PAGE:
There are three types of data structures in the tree: branch, leaf and nub
1. branch node: the resulting word does not appear, but the word of a single t does not appear in the branches of to and tea.
2. leaf node: there are no child nodes below
3. nub node: balance between the two

* Example inputs (numInputs=7):
* 0: AAA
* 1: AAA
* 2: AAB
* 3: AAB
* 4: AAB
* 5: AABQQ
* 6: AABQQ

* Resulting TokenizerNodes:
* AA <- branch, numOccurrences=0, tokenStartOffset=0, token.length=2
* A <- leaf, numOccurrences=2, tokenStartOffset=2, token.length=1
* B <- nub, numOccurrences=3, tokenStartOffset=2, token.length=1
* QQ <- leaf, numOccurrences=2, tokenStartOffset=3, token.length=2

Two classes Tokenizer and tokenizenode are used to describe the data structure
The starting point is PrefixTreeCodec. This class inherits from the DataBlockEncoder interface. DataBlockEncoder is specifically responsible for encoding and compression. There are three important methods in it, encodeKeyValues (encoding), decodeKeyValues (de encoding) and createSeeker (creating scanner).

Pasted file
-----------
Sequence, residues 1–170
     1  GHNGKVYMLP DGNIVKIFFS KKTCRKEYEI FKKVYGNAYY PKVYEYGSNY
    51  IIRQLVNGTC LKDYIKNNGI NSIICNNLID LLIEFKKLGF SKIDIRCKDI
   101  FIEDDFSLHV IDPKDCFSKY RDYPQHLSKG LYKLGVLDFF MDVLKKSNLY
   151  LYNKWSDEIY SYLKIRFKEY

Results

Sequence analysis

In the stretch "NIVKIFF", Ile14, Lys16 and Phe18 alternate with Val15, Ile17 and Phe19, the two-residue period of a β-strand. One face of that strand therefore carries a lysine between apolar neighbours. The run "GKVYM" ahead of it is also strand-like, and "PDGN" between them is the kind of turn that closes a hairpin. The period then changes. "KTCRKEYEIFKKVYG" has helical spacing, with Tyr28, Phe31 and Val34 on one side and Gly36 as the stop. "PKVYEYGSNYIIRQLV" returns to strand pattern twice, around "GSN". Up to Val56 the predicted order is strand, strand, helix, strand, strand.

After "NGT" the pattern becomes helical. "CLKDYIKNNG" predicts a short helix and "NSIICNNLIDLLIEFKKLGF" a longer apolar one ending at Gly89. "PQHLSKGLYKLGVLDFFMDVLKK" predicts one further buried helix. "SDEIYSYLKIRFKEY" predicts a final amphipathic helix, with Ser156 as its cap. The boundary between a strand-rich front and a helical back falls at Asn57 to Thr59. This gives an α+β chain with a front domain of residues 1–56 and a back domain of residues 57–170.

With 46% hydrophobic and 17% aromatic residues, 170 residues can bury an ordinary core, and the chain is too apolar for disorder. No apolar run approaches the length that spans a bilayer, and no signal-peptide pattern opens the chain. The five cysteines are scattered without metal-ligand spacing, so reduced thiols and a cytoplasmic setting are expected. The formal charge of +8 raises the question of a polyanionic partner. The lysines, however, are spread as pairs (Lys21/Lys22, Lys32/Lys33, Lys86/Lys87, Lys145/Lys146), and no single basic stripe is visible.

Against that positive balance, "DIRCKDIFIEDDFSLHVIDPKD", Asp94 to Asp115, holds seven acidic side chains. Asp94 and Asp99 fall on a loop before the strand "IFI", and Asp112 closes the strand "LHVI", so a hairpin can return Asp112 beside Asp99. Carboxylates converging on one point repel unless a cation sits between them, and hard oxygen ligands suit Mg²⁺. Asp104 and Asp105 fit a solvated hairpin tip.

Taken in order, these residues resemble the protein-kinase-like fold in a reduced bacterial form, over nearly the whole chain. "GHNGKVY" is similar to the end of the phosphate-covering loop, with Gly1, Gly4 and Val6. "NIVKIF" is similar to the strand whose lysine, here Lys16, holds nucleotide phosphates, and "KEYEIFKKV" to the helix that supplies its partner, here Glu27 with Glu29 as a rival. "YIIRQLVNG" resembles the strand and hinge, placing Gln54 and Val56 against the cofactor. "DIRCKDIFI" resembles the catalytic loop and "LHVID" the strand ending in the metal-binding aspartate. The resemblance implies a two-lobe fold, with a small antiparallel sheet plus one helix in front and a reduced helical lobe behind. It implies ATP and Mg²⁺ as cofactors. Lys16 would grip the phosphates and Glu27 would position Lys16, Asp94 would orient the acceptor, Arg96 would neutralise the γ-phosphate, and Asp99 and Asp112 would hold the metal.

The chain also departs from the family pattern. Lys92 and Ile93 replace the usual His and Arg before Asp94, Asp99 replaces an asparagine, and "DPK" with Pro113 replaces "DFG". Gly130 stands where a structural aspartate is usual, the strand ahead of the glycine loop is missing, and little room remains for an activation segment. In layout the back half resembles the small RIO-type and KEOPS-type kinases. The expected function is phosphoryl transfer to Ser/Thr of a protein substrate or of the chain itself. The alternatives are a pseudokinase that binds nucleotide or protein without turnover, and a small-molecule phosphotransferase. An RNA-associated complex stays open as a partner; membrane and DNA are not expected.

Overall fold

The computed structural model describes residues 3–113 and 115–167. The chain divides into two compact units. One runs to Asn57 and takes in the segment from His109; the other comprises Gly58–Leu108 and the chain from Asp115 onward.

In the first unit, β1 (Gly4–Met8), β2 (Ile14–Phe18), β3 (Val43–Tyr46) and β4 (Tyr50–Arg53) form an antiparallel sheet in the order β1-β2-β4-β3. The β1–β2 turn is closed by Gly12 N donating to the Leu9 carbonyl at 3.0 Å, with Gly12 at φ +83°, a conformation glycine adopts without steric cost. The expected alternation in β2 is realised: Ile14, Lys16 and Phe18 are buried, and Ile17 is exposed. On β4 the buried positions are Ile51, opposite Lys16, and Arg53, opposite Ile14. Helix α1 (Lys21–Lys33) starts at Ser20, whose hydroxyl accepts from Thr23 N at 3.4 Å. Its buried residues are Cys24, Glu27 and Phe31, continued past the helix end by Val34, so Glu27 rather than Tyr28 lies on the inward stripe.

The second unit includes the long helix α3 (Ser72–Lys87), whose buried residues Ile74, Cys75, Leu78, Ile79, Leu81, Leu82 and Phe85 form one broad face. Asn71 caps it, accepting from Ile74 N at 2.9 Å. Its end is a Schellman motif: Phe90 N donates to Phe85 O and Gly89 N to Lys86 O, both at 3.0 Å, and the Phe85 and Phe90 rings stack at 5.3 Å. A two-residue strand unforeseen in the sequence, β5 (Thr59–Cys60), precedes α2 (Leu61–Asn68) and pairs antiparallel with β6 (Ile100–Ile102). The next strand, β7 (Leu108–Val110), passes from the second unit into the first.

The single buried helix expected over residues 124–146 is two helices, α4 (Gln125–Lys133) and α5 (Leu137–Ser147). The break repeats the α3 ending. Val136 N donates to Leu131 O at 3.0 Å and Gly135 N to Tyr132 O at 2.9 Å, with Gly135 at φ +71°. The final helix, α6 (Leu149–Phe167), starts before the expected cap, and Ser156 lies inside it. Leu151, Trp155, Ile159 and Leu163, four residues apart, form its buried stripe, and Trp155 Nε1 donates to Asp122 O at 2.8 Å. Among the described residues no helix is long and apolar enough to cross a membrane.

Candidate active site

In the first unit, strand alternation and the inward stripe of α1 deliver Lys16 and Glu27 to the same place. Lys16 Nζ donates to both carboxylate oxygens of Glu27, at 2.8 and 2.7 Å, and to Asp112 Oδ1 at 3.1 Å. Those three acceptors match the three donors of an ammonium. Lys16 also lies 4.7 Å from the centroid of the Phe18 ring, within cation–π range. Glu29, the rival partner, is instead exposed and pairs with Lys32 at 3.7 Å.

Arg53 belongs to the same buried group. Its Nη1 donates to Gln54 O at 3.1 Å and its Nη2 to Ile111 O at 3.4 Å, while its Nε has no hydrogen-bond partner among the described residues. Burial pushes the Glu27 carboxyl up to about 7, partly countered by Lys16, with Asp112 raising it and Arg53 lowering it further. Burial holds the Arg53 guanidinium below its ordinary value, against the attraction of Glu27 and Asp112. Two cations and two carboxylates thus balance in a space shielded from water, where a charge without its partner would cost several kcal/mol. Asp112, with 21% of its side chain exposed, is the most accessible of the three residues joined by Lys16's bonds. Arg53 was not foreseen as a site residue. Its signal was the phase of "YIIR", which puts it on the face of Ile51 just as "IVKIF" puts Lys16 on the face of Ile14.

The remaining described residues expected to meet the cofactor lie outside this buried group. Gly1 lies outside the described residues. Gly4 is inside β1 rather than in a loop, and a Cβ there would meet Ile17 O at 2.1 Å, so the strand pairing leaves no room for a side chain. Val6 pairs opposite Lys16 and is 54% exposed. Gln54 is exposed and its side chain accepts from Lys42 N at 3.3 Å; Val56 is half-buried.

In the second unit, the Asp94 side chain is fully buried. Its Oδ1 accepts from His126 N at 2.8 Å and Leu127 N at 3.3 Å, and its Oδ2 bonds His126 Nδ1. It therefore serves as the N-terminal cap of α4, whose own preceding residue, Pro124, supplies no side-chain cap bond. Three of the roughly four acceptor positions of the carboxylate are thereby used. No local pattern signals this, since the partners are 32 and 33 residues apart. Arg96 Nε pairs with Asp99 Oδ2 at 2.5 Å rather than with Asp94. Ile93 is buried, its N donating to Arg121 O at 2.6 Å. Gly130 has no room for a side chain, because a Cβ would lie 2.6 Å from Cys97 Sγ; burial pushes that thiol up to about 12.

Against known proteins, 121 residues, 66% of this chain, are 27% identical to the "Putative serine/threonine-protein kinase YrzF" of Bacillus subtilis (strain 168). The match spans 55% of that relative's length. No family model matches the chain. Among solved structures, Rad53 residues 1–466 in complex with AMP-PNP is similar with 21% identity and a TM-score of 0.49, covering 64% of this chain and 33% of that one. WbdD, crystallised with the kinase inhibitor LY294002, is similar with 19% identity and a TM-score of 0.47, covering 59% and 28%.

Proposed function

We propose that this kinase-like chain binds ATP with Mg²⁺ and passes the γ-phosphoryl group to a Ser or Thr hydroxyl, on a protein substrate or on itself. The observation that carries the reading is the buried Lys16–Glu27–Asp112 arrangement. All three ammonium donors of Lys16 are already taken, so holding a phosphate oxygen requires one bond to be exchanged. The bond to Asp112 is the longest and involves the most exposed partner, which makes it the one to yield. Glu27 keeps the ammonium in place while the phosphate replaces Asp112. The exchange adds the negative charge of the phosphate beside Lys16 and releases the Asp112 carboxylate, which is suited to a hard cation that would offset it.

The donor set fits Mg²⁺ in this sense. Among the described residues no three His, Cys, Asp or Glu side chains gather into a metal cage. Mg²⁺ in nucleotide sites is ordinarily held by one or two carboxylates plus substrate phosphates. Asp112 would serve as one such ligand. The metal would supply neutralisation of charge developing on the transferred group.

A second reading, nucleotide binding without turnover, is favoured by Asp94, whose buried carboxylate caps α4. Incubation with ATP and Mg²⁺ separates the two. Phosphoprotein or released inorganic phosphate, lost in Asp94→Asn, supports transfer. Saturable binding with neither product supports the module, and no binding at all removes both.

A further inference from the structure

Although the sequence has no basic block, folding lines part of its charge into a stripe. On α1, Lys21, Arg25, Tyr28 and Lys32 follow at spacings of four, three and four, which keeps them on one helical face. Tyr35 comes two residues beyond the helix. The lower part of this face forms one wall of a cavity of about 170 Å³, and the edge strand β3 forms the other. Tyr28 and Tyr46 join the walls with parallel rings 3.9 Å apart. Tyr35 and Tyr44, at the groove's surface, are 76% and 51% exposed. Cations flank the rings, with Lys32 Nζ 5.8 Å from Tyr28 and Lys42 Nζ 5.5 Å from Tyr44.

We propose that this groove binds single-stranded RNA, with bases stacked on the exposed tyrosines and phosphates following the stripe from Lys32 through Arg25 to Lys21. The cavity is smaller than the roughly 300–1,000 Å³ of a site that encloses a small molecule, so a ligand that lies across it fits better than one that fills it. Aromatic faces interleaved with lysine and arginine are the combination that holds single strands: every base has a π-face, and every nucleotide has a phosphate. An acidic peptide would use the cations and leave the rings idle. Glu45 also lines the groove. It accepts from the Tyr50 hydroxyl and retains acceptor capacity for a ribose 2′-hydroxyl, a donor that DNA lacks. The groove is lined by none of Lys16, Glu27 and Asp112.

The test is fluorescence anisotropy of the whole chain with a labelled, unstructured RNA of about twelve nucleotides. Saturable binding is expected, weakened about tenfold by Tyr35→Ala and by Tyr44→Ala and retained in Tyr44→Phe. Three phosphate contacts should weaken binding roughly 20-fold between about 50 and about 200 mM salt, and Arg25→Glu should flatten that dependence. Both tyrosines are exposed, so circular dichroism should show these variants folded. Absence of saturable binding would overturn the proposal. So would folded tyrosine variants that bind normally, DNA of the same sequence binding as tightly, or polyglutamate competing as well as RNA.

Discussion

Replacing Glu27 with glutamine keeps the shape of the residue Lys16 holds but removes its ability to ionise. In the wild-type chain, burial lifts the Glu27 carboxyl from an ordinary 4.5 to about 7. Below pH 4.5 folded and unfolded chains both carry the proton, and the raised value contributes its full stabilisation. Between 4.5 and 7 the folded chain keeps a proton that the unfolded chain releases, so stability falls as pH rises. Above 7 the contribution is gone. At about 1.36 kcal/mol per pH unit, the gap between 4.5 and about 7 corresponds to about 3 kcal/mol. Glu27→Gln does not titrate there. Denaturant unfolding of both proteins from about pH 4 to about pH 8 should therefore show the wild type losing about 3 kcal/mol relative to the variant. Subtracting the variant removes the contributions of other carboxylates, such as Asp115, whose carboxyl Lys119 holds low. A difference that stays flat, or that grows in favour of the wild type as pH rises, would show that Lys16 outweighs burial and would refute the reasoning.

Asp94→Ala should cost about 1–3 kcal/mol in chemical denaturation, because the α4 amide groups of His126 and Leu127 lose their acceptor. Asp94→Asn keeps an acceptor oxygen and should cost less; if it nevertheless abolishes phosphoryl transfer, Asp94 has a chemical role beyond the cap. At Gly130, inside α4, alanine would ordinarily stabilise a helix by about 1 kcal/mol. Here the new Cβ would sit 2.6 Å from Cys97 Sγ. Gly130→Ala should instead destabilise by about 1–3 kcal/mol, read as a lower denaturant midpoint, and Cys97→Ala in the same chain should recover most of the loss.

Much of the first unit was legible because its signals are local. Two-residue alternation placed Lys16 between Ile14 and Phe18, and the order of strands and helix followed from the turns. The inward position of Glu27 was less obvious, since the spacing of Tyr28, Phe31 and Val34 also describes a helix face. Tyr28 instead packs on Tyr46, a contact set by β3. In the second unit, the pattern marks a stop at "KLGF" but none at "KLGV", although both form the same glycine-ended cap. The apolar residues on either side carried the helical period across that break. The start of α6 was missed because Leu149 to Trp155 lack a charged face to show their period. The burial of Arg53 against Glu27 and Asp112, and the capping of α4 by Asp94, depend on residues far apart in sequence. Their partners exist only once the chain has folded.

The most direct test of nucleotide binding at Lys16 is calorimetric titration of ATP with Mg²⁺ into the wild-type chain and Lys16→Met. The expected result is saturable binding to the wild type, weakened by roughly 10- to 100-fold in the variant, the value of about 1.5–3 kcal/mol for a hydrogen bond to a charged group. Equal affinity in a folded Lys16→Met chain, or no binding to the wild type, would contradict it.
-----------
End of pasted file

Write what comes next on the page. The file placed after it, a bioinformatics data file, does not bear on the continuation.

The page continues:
private void internalEncodeKeyValues(DataOutputStream encodedOutputStream,
ByteBuffer rawKeyValues, boolean includesMvccVersion) throws IOException {
PrefixTreeEncoder builder = EncoderFactory.checkOut(encodedOutputStream, includesMvccVersion);
KeyValue kv;
while ((kv = KeyValueUtil.nextShallowCopy(rawKeyValues, includesMvccVersion)) != null) {

The encodeKeyValues method in PrefixTreeCodec is the entry, and internalEncodeKeyValues is the actual encoding place. From rawKeyValues, read kv continuously, encoding with PrefixTreeEncoder.write method, and finally calling flush for output.

rowTokenizer.addSorted(CellUtil.fillRowRange(cell, rowRange));

This is in the PrefixTreeEncoder.write method. Here, skip to the Tokenizer.addSorted method

public void addSorted(final ByteRange bytes) {
if (bytes.getLength() > maxElementLength) {
maxElementLength = bytes.getLength();
if (root == null) {
root = addNode(null, 1, 0, bytes, 0);
} else {